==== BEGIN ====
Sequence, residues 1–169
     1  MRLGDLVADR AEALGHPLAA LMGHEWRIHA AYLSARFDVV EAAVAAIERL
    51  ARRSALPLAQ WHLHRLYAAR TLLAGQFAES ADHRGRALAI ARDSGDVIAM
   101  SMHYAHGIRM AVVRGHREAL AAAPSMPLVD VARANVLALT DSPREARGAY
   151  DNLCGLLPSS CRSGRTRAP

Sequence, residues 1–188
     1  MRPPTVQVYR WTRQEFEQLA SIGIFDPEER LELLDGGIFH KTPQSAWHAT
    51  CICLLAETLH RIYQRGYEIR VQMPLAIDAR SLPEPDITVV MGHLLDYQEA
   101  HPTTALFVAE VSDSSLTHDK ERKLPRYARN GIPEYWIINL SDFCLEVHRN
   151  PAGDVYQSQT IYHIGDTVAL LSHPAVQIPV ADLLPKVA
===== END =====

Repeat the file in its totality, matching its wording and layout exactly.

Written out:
Sequence, residues 1–169
     1  MRLGDLVADR AEALGHPLAA LMGHEWRIHA AYLSARFDVV EAAVAAIERL
    51  ARRSALPLAQ WHLHRLYAAR TLLAGQFAES ADHRGRALAI ARDSGDVIAM
   101  SMHYAHGIRM AVVRGHREAL AAAPSMPLVD VARANVLALT DSPREARGAY
   151  DNLCGLLPSS CRSGRTRAP

Sequence, residues 1–188
     1  MRPPTVQVYR WTRQEFEQLA SIGIFDPEER LELLDGGIFH KTPQSAWHAT
    51  CICLLAETLH RIYQRGYEIR VQMPLAIDAR SLPEPDITVV MGHLLDYQEA
   101  HPTTALFVAE VSDSSLTHDK ERKLPRYARN GIPEYWIINL SDFCLEVHRN
   151  PAGDVYQSQT IYHIGDTVAL LSHPAVQIPV ADLLPKVA